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  • 1.
    Bindler, Richard
    et al.
    Umeå universitet, Teknisk-naturvetenskapliga fakulteten, Institutionen för ekologi, miljö och geovetenskap.
    Rydberg, Johan
    Umeå universitet, Teknisk-naturvetenskapliga fakulteten, Institutionen för ekologi, miljö och geovetenskap.
    Revisiting Key Sedimentary Archives Yields Evidence Of A Rapid Onset Of Mining In The Mid-13th Century At The Great Copper Mountain, Falun, Sweden2016Ingår i: Archaeometry, ISSN 0003-813X, E-ISSN 1475-4754, Vol. 58, nr 4, s. 642-658Artikel i tidskrift (Refereegranskat)
    Abstract [en]

    Mining in Falun, Sweden, was first mentioned in a deed from AD 1288, but previous studies of peat and lake sediments inferred that mining began during the fifth to eighth centuries. In order to reassess these findings, we performed new geochemical analyses on new samples from three key sites: Tisksjobergets myr, a buried mire alongside the mine; Tisken, a small lake in Falun; and Runn, the main recipient for waters draining through Falun. At Tisksjobergets myr, the peat contains up to 6% copper, giving it the characteristics of a cupriferous bog. Hence, this record is not useful for tracing early mining. The sediments of Tisken-upon which many of the old interpretations have relied-contain numerous cut wood fragments, and two of those gave young and reversed radiocarbon dates (19th and 16th centuries for 192 and 187 cm, respectively). This indicates that the sediment was derived from infilling and, thus, has little value as a historical record. Runn's sediment-the only reliable record-provides clear evidence of a rapid onset of large-scale mining from c. AD 1245, with abrupt increases in ore-related elements-for example, a 34-fold increase in copper-this increase is consistent with the mid-13th century burial of the mire at Tisksjoberget.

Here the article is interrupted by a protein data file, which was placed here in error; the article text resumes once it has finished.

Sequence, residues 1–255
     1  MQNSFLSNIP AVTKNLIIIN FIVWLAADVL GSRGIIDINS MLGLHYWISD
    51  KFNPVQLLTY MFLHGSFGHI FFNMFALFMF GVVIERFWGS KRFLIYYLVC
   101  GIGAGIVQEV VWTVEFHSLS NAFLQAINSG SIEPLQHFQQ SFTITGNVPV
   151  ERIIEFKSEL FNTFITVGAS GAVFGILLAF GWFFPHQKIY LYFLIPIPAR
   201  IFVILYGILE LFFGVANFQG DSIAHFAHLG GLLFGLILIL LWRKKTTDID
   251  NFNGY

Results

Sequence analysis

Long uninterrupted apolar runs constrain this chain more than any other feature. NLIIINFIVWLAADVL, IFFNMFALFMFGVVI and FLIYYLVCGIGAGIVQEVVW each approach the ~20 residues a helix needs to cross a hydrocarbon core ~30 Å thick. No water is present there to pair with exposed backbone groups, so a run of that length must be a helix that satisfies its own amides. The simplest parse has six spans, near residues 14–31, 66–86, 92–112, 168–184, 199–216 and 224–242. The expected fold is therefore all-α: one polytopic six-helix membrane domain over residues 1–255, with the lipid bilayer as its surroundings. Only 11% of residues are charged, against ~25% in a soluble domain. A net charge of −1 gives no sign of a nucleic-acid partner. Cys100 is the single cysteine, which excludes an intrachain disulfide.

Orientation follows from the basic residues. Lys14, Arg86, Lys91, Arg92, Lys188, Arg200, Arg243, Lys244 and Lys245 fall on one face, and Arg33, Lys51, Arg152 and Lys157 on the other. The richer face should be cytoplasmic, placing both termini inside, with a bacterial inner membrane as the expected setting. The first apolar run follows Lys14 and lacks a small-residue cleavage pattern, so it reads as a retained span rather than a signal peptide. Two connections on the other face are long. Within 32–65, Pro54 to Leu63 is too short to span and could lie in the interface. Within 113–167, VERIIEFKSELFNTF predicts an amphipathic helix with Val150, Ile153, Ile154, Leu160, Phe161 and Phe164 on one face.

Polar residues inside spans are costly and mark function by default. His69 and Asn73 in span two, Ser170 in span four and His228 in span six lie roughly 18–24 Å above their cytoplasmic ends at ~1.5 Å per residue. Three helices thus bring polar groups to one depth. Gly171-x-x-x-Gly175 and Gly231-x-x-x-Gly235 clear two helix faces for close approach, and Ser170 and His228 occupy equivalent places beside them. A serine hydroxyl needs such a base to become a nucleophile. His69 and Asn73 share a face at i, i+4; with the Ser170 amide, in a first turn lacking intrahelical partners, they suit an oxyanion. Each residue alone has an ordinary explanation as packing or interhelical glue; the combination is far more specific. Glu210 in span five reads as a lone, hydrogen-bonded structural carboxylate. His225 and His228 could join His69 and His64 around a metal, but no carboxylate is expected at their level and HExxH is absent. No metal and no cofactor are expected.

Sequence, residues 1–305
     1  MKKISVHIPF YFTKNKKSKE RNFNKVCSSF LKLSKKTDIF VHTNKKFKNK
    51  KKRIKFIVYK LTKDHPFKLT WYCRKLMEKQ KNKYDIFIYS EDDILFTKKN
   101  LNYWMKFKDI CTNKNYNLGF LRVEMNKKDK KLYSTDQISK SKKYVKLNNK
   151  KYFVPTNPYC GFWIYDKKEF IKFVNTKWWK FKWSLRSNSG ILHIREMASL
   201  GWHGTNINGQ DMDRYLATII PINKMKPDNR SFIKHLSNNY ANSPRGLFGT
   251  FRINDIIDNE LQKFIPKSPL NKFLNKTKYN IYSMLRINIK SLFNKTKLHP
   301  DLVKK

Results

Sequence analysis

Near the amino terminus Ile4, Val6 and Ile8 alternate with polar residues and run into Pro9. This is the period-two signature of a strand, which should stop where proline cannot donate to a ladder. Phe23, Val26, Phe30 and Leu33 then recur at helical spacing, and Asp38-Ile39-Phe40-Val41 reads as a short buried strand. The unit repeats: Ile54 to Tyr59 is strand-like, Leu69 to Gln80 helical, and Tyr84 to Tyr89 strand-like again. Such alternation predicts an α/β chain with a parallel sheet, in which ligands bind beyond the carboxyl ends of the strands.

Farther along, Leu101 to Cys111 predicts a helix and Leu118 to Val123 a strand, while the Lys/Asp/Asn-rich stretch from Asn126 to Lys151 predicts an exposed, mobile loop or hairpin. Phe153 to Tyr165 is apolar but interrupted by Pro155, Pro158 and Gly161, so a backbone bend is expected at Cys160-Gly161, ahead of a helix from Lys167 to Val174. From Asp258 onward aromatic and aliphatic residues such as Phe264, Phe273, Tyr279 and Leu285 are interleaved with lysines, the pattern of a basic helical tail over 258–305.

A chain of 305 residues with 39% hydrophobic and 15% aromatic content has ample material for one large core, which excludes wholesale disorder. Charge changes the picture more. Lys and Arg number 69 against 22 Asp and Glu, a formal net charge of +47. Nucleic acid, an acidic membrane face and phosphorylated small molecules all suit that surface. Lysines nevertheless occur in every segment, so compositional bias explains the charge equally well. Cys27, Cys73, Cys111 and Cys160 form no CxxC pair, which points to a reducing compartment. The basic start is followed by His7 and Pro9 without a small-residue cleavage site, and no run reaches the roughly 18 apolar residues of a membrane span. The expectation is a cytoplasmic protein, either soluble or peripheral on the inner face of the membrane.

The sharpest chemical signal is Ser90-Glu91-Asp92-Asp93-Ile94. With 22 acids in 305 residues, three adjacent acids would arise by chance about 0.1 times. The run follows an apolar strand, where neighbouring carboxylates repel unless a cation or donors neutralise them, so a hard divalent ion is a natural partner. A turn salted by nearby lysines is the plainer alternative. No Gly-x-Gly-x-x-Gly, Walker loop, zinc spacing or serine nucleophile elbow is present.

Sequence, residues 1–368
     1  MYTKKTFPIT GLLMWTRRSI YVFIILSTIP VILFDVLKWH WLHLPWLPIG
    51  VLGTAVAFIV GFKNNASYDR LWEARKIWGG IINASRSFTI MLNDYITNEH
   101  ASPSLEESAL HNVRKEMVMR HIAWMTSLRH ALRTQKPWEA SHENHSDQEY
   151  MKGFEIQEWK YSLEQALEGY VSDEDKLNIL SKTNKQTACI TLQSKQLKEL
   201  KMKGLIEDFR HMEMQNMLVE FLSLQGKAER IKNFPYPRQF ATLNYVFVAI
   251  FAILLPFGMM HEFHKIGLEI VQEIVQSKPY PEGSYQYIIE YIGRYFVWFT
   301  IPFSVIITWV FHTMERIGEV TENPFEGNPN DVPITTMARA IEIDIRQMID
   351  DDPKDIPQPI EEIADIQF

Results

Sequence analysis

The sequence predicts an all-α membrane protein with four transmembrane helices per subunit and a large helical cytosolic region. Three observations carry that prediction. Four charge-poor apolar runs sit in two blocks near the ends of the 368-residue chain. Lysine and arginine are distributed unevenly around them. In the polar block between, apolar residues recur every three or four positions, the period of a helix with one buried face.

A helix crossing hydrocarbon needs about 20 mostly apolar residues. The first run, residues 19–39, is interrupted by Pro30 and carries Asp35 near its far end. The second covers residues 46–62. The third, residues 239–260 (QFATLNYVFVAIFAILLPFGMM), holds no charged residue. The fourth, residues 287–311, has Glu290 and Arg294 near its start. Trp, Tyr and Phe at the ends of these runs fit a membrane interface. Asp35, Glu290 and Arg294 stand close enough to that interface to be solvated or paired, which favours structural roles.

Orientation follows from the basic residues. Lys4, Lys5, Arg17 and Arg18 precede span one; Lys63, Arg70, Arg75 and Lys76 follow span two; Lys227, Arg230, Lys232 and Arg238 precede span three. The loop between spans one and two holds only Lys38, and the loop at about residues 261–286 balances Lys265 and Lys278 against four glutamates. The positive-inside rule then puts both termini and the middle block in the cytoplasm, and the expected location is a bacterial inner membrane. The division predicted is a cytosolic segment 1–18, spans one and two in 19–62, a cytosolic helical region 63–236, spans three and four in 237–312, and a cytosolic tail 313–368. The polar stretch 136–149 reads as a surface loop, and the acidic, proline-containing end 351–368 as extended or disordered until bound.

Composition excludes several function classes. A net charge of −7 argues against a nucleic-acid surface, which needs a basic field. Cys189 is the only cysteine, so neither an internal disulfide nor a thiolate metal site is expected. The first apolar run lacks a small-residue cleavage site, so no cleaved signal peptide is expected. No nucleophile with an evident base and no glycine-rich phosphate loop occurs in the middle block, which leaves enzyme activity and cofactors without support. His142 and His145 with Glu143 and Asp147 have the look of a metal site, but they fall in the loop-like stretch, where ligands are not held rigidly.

• 2.
    Buckland, Philip I.
    et al.
    Umeå universitet, Humanistiska fakulteten, Institutionen för idé- och samhällsstudier, Miljöarkeologiska laboratoriet.
    Buckland, Paul C.
    When a Waterhole is Full of Dung: An Illustration of the Importance of Environmental Evidence for Refining Archaeological Interpretation of Excavated Features2019Ingår i: Archaeometry, ISSN 0003-813X, E-ISSN 1475-4754, Vol. 61, nr 4, s. 977-990Artikel i tidskrift (Refereegranskat)
    Abstract [en]

    Prehistoric field systems sometimes encompass excavated, pit-like features which are difficult to classify due to the complex stratigraphies resulting from reuse, infilling and collapse. They are frequently classified as wells and watering holes, but other potential uses for excavated depressions are rarely cited. We argue the need for environmental archaeology in the interpretation of features of this nature, and present a case study from a Bronze Age site at Pode Hole, near Peterborough (UK), where fossil insect material clearly contradicts the archaeological interpretation. We present empirical evidence for a sealed context filled with dung which cannot be interpreted as a water source. This evidence strongly contrasts with other superficially similar features at the site.

  • 3.
    Olofsson, Anders
    et al.
    Umeå universitet, Humanistiska fakulteten, Institutionen för idé- och samhällsstudier.
    Rodushkin, I.
    Provenancing flint artefacts with ICP-MS using ree signatures and Pb isotopes as discriminants: preliminary results of a case study from northern sweden2011Ingår i: Archaeometry, ISSN 0003-813X, E-ISSN 1475-4754, Vol. 53, s. 1142-1170Artikel i tidskrift (Refereegranskat)
    Abstract [en]

    Archaeological flint artefacts from the late Mesolithic/early Neolithic site of Vuollerim, northern Sweden, have been geochemically investigated with ICP-SFMS and MC-ICP-MS in search for the geological/geographical origin of the non-local flint. The Vuollerim flints were compared with reference samples from Denmark (Cretaceous/Tertiary flint) and Russia (Carboniferous flint). Elemental concentrations as well as elemental ratios for REEs and isotopic ratios for Pb and Sr are presented. Significant differences were found between different geological/geographical contexts. Two of the Vuollerim samples can be ascribed a South Scandinavian origin. Possibly also eastern flint is present, although the results are not conclusive in this case.

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